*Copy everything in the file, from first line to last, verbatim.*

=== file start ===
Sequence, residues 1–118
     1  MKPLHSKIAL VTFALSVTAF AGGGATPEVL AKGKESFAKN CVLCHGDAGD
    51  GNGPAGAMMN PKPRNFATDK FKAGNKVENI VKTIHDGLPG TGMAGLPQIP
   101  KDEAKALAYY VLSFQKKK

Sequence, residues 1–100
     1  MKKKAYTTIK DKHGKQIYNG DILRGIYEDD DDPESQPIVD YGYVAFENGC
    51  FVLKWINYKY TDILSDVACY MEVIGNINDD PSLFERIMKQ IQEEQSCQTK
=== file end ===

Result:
Sequence, residues 1–118
     1  MKPLHSKIAL VTFALSVTAF AGGGATPEVL AKGKESFAKN CVLCHGDAGD
    51  GNGPAGAMMN PKPRNFATDK FKAGNKVENI VKTIHDGLPG TGMAGLPQIP
   101  KDEAKALAYY VLSFQKKK

Sequence, residues 1–100
     1  MKKKAYTTIK DKHGKQIYNG DILRGIYEDD DDPESQPIVD YGYVAFENGC
    51  FVLKWINYKY TDILSDVACY MEVIGNINDD PSLFERIMKQ IQEEQSCQTK